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The intimate entertainment of ONCE Somerville


The Greater Boston metropolitan area is a goldmine for concert-goers. Commonly known venues in the area include the TD Garden, the House of Blues, the Rockland Trust Bank Pavilion, the Sinclair and the Paradise Rock Club. Further away from Boston, and subsequently a bit inconvenient for many music-lovers, are the Xfinity Center, the DCU Center, the Worcester Palladium and the Tsongas Center at UMass Lowell.  

For those searching for a small, relaxed venue with the convenience of being in the city, there is a hidden gem on Highland Street in Somerville, which describes itself as “not quite a nightclub” but “not quite a bar” that hosts “one-night creative events.” ONCE Somerville has two spaces for shows and other events – the “ballroom” downstairs has a 300-person capacity, and “the lounge” upstairs is a 100-person space with a full-service bar, ample seating and a dance floor.  

When people arrived at ONCE on August 2 for the Skeptic Tour featuring Tilian, Landon Tewers, Brent Walsh and Rivals, they were greeted by a bouncer who checked everyone in, given wristbands showing whether they were over or under 21 and directed upstairs to the lounge to wait for the show to start. In the meantime, several people talked with the staff members in the lobby. I liked that it felt not like a shepherd keeping sheep contained, but like a conversation amongst new acquaintances. 

About 20 minutes later, at 8 p.m., the doors to the ballroom opened and we made our way in. I was struck by how much fit into the small space – there’s a bar on the left, the merch tables were in the back of the room, equipment was along the right wall and there’s still plenty of breathing room for the attendees. With features such as chandeliers, curved staircases and an old TV displaying the “house rules” across the screen in Sharpie, ONCE was eclectic and oddly elegant, yet informal enough to feel comfortable walking in wearing ripped black jeans and a band t-shirt.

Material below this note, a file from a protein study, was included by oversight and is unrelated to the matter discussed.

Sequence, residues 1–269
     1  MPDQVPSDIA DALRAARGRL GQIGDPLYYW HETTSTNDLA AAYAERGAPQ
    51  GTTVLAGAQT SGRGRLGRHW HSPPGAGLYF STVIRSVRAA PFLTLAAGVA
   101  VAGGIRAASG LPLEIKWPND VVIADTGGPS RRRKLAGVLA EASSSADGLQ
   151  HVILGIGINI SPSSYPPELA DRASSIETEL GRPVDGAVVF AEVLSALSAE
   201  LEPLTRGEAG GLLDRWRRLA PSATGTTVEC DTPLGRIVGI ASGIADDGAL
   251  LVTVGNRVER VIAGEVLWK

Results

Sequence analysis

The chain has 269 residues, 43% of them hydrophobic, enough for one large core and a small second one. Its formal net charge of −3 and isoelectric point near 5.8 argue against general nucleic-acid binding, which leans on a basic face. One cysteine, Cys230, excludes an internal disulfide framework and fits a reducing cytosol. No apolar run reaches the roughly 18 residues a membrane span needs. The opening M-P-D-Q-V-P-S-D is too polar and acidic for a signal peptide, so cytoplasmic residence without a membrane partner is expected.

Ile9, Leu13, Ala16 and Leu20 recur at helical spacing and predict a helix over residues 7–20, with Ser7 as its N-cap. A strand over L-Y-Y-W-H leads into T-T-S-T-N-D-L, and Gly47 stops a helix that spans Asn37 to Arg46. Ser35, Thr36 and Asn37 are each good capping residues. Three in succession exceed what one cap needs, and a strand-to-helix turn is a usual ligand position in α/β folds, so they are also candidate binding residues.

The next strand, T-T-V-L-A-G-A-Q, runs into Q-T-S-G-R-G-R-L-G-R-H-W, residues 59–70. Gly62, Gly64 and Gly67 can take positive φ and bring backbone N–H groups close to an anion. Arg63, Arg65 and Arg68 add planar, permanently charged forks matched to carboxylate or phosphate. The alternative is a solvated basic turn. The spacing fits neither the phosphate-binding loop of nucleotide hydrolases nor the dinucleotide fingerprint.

Something else that impressed me as the show progressed was how friendly not only the staff were, but the other concert-goers as well. Being under five-feet tall, I generally prefer to be elevated in the back of the venue at shows rather than on the floor where I often end up behind someone significantly taller than me, but since ONCE is standing-room only, several people around me encouraged me to get closer when they saw me contorting my neck at unnatural angles to see. Maybe it simply had to do with the size of the venue, but the crowd felt more like a group of friends than a mob. I witnessed several friendships start up as people bonded over favorite bands and other upcoming tours, and I also got to know some of the people around me.  

The one qualm I had about ONCE was parking. There was a small parking lot across the street from the venue, but it filled up early, especially because some of the spots were reserved for a Dunkin’ and several other spots are reserved for Zipcars. The area surrounding ONCE was quite residential, so street parking was often limited to two hours. We ultimately parked in a spot behind the venue that was reserved for a nearby hair salon, and even though a staff member at ONCE said that was “totally fine,” it left me nervous for much of the three-hour show. I imagine that most visitors to ONCE arrive on foot, via a ride-sharing service, or the public transportation system. I would certainly recommend carpooling, taking the Amtrak from Durham to Boston or taking a bus to get to ONCE.  

While several moments highlighted my evening at ONCE, one moment stands out from the rest. After the first set, many people stepped outside for a breath of fresh air, and I was able to say hi to the headliner’s drummer, Matt Mingus, as he was walking toward the tour buses. Other attendees spoke with some of the musicians and got photos with them on the sidewalk, which I would have liked to do if I hadn’t been so surprised and embarrassingly starstruck. I recall thinking to myself after my short exchange with Mingus that if that was the only good thing about the show that night, the $20 I spent per ticket would have still been worth it.  

If you’re looking for a lowkey place to see an affordable “one-night creative event,” ONCE is definitely an option for you. While it certainly won’t become my end-all-be-all venue of choice, I feel confident knowing that if a concert tour I want to go to is stopping at ONCE, I’ll have a good experience.  

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